The six-year bull run for syndicated lending is over.

U.S. syndicated loan volume totaled $1.012 trillion in 1998, down 8% from a record $1.102 trillion in 1997, according to Securities Data Co. Caused in part by the high price of refinancing, the decline in volume was the first since the credit crunch of 1991.

Still, the year will go down as one of the market's most profitable, as lenders syndicated a record number of leveraged loans. Leveraged volume grew 45% to $316 billion in 1998.

These loans command the highest fees from borrowers and are feeding the appetite of the fastest-growing sector of the loan investor market- insurance companies, mutual funds, and private funds.

"We had a couple of wobbles in the market, but it was a buoyant year over all," said Robert Patterson, head of syndicated lending for Chicago- based Bank One Corp.

One of those wobbles occurred in the fourth quarter, when syndicated lending volume fell 29% from a year earlier to $225 billion. But lenders are optimistic the action will pick up in 1999.

Leveraged loans emerged as an increasingly important part of the merger- and-acquisition scene in 1998. If M&A activity remains brisk in 1999, so will lending, bankers said.

Syndicated loans "became the market of choice for the cash M&A deal or when other capital markets are volatile," said Peter Gleysteen, group head of global syndicated finance at Chase Manhattan Corp.

More than 7,700 M&A deals worth $1.2 trillion occurred in 1998, almost twice the record set in 1997, according to Houlihan Lokey Howard & Zukin, Los Angeles. That deal flow was a vital component of the loan market's vibrancy in 1998, Bank One's Mr. Patterson said.

"You tell me what M&A will be like, and I'll tell you what lending will be like" in 1999, he said.

For many bankers, the growth of leveraged lending in 1998 signaled Wall Street's increasing influence in the market.

Investment banks and institutional investors changed the way loans were priced and syndicated last year to make them more competitive with bonds. The trend accelerated in the late-summer when turmoil hit the world's capital markets.

The changes made 1998 "the most significant year in the loan market" this decade, Mr. Gleysteen said.

Chase remained at the center of the market, though its leading market share declined to 26.8%, from 29.8%. Chase structured and priced 530 loan packages worth a combined $271 billion, beating all comers in both the leveraged and investment-grade sectors.

But the new BankAmerica Corp., formed in the fall by the merger of BankAmerica and NationsBank Corp., emerged as a strong No. 2 behind Chase. The Charlotte, N.C., banking company finished the year with a 17.1% share, arranging 682 deals worth $173 billion.

On an agent-only basis, BankAmerica displaced Chase as the No. 1 participant on deals. BankAmerica had agent status on 1,008 loans worth $443 billion in 1998, compared with Chase's 636 loans worth $441 billion.

"I'm really excited about 1999," said Thomas W. Bunn, head of syndicated lending for BankAmerica. "We've got a significant domestic merger behind us. We are very well poised for 1999. We're not going to lose momentum."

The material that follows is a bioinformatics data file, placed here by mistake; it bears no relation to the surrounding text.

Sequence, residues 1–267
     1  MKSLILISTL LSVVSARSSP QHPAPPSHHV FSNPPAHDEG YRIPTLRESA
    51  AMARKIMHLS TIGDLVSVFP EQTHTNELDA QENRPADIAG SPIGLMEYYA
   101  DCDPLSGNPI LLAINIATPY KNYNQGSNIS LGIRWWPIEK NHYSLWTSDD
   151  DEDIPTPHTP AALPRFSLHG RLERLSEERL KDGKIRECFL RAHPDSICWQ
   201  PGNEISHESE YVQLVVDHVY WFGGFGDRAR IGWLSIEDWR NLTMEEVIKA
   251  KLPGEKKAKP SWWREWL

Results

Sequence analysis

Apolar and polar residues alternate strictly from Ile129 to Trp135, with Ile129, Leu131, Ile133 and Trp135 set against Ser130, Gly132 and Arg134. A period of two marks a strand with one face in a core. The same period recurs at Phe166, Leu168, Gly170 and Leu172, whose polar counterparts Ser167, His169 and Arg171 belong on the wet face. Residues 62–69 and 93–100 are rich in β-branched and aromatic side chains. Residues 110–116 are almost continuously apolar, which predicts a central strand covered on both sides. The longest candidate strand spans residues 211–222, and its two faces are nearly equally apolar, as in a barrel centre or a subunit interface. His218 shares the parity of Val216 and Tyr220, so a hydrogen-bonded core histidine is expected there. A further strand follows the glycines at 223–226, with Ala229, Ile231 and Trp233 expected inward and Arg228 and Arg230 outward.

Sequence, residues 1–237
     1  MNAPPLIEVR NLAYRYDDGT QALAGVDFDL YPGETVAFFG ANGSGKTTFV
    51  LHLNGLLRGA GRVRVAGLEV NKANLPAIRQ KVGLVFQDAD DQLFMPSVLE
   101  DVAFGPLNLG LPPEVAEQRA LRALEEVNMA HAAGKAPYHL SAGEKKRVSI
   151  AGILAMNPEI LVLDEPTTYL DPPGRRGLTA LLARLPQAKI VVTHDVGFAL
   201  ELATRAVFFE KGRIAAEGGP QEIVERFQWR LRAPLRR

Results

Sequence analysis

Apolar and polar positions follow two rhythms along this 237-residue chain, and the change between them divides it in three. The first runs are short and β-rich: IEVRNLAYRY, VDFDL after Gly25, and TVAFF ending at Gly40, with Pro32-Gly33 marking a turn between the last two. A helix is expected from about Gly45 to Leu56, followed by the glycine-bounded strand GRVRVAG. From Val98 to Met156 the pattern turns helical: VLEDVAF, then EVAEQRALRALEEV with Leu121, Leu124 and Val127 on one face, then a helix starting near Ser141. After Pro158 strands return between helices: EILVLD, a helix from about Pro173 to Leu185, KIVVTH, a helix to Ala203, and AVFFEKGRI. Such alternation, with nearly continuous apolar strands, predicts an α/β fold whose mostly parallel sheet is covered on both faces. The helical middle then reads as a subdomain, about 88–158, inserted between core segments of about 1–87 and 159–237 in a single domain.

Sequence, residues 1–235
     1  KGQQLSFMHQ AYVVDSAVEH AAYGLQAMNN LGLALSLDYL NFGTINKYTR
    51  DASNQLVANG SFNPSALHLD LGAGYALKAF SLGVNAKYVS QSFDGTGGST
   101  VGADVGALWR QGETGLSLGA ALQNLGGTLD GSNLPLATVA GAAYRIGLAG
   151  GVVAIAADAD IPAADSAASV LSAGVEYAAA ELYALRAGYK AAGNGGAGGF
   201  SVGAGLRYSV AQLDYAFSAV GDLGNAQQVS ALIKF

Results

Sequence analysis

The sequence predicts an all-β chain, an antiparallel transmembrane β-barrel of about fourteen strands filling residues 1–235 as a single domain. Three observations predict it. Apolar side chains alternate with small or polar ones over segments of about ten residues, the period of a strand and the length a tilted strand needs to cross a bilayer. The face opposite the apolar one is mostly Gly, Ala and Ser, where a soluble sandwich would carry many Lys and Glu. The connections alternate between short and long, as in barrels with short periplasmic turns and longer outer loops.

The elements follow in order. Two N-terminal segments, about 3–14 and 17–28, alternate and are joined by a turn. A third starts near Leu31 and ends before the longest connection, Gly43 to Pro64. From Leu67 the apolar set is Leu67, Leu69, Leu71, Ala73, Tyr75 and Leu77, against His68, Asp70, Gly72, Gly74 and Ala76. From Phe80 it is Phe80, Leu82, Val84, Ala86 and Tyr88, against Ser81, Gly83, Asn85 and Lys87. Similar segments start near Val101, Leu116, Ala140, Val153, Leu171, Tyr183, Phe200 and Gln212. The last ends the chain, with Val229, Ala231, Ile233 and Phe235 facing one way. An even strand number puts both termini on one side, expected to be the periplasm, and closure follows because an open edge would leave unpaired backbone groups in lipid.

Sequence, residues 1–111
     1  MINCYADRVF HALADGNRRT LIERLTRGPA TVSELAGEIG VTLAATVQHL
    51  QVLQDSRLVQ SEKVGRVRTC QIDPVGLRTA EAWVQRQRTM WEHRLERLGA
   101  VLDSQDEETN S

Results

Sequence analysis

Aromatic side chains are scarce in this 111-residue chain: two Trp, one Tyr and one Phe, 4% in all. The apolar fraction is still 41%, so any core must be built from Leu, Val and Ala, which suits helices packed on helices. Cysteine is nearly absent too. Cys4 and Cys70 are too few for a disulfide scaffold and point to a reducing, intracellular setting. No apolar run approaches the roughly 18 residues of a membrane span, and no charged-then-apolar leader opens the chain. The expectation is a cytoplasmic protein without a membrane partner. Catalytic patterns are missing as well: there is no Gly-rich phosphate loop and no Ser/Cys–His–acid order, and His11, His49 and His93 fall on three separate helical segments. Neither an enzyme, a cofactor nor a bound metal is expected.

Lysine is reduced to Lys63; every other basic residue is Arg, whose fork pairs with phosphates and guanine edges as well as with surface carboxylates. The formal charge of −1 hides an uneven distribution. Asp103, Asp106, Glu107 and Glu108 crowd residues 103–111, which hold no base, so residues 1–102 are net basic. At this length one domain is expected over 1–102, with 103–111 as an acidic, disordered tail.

Chase, however, maintained a substantial lead in leveraged lending with a 24% market share, leading 243 deals worth $76.1 billion. BankAmerica did more but smaller deals, worth a combined $49.8 billion.

But by moving to No. 2 on the overall league tables, BankAmerica dislodged J.P. Morgan & Co. and Citicorp-now Citigroup Inc.-from their spots behind Chase. Citigroup, which includes Salomon Smith Barney Inc., saw its market share erode to 8.6%, from 11% in 1997.

J.P. Morgan fared better. It increased its market share to 10.5%, from 10.1% a year earlier.

Mike Mauer, a managing director in loan syndications at J.P. Morgan, said his bank "was in the thick of things as usual." The firm's real accomplishment, he added, was its improvement in the leveraged sector.

A year ago, Morgan bankers promised a push into leveraged lending, a relatively new market for the white-shoe bank. That effort paid off, as Morgan rose to No. 6 from No. 8 among leveraged lenders, syndicating 17 loan packages worth $12.9 billion-up from $5.8 billion a year earlier. Its market share nearly doubled to 4.1% from 2.7%.

"We made tremendous headway in the business," Mr. Mauer said.

Likewise, Lehman Brothers finished a record year in leveraged lending by jumping to No. 4 from No. 10 among all lenders. Lehman led 39 loan packages worth $15.4 billion, up from 23 packages worth $5.4 billion a year earlier.

In all, investment banks, fueled by strong crossover business from their M&A advisory shops, grabbed a bigger piece of leveraged lending. Their combined market share increased to 13.1% from 8.8% a year earlier.

Lehman was followed by Donaldson Lufkin & Jenrette, Credit Suisse First Boston, and Goldman Sachs & Co. among the investment banks' strongest gainers.

Richard W. Carey, director of syndicated finance at Credit Suisse First Boston, called 1998 a "breakthrough" year for investment banks.

"Having been at it now in the bank-bond business for four years, we've started to connect," he said. M&A advisers at the firm have begun to trust the lending department.

"You have to show them ideas and prove you're good at it. Persistence pays off," he said.

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